Bredesen announces federal disaster help for six counties, including Clay

 

NASHVILLE-Governor Phil Bredesen today announced the federal government has approved his request for disaster assistance for six counties in West and Middle Tennessee awaiting assistance due to severe storms, heavy rains, flooding and flash flooding that occurred July 15-17.

Local governments and public utilities of Chester, Clay, Decatur, Jackson, Overton and Wayne Counties are now eligible for Public Assistance Program reimbursement from the federal government. The public assistance designation also covers emergency response and recovery costs incurred by state government.

“The economic cost to local budgets from disasters can be just as devastating as physical damage from a storm, but this federal assistance will help alleviate part of that financial pressure,” said Bredesen. “I appreciate President Obama’s prompt approval of the disaster declarations that will help these communities rebuild.”

As in previous disasters, the state will provide half of the local share of matching funds required by the federal reimbursement program. The total amount will be 12.5 percent of the total cost incurred by local governments. Utility companies are required to provide the full 25 percent match for federal funds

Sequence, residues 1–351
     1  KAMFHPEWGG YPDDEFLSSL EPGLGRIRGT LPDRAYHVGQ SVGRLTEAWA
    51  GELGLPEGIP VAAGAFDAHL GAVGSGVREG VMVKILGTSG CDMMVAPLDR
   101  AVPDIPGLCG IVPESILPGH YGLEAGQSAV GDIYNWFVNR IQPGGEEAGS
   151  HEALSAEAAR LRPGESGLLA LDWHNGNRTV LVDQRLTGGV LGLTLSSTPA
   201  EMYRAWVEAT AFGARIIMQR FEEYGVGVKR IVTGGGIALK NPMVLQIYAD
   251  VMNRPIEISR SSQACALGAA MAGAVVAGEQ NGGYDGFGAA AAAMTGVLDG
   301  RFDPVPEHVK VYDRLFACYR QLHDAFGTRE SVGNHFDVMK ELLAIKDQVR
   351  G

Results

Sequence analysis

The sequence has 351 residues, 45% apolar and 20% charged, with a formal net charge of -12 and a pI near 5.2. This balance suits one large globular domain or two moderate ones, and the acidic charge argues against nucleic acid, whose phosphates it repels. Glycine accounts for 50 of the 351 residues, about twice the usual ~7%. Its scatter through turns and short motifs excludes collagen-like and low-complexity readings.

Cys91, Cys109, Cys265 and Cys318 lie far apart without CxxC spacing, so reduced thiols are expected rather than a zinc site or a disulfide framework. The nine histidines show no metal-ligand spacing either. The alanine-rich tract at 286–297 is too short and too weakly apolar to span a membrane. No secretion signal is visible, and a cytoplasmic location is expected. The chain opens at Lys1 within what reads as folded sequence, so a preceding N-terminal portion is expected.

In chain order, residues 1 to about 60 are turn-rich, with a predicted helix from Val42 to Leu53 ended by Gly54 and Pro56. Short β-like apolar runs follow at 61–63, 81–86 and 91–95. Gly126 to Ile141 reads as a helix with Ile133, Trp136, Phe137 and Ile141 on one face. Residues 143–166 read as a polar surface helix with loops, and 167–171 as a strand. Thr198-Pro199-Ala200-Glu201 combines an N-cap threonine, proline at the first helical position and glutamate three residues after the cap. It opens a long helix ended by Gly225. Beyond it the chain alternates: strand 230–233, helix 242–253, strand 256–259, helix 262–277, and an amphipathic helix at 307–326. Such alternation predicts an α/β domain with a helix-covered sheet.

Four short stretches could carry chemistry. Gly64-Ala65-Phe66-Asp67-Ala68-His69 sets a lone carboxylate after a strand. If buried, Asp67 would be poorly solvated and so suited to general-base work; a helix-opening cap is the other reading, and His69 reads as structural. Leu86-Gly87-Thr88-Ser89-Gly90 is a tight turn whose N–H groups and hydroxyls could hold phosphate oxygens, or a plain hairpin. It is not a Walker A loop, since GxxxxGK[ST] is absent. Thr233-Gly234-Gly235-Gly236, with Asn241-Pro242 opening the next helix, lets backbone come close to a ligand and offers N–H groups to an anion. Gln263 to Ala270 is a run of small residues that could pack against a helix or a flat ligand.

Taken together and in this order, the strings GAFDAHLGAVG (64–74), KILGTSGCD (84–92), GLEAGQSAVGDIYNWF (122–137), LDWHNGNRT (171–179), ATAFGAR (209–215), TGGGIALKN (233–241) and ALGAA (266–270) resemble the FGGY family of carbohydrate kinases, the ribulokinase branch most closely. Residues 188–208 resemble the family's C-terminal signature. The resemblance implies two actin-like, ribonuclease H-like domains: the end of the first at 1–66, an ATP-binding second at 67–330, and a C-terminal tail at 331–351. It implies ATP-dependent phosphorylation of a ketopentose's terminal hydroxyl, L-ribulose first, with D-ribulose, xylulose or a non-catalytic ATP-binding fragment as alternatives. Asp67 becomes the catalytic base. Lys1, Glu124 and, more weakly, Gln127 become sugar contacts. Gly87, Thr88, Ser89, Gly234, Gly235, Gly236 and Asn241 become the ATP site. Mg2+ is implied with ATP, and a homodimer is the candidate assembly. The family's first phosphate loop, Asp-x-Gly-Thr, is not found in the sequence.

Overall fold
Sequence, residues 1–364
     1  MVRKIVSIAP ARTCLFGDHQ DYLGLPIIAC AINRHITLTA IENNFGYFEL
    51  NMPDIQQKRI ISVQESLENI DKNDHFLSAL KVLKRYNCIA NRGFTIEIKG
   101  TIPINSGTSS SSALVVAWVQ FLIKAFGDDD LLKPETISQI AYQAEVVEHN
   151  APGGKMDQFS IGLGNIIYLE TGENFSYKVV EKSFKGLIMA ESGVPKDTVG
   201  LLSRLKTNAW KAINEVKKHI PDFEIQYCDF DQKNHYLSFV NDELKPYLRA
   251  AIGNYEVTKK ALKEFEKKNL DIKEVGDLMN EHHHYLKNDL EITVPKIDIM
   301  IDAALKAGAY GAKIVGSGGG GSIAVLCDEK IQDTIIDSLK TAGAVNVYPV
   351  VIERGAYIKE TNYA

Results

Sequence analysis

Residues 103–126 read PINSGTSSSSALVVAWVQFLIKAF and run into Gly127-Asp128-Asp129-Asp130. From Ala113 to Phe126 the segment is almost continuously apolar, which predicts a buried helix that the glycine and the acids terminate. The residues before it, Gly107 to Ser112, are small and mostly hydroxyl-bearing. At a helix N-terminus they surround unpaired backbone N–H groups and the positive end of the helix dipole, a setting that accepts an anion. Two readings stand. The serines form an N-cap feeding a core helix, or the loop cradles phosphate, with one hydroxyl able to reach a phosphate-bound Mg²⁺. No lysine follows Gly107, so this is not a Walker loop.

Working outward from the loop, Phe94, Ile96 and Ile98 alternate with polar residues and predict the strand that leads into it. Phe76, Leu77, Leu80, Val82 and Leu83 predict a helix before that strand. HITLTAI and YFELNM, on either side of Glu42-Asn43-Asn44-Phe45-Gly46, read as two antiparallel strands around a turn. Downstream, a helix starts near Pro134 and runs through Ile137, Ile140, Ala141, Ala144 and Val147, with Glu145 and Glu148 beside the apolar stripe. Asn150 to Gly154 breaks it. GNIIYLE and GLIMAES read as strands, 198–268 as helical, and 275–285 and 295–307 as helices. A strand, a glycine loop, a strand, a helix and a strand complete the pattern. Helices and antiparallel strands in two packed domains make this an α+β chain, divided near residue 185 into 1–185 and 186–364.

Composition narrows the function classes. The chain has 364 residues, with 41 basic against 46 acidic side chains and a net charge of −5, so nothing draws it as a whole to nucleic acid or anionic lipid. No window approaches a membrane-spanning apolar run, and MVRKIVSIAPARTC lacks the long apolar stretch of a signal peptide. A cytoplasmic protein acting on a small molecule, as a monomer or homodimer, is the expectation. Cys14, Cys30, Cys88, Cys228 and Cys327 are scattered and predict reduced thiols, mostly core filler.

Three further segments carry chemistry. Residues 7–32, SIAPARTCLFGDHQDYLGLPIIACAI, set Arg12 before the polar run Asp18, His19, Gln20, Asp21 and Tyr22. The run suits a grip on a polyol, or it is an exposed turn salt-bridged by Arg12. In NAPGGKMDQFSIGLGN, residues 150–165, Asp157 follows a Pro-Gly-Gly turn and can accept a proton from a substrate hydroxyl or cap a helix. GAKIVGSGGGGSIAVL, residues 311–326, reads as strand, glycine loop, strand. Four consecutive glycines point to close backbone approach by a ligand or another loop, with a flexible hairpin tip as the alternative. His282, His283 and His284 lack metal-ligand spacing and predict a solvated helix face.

Public assistance

The Public Assistance Program authorizes a number of benefits for local government and public utilities to reclaim expenses relating to debris removal, overtime and property damages for public buildings. 

As a result of the storms, preliminary damage assessments estimate that more than $7.46 million of costs eligible for federal assistance under the Stafford Act have or will be incurred by state and local governments and public utilities. Local and state resources also expended considerable resources responding to the emergency, restoring public infrastructure and removing debris.

Despite the damage to public infrastructure, the damage to individual households was insufficient to trigger the federal Individual Assistance Programs, which provide help to households and private businesses.

The Tennessee Emergency Management Agency continues to assist county emergency management where possible to match individual needs with non-governmental programs, such as those offered by members of the Tennessee Volunteer Organizations Active in Disasters.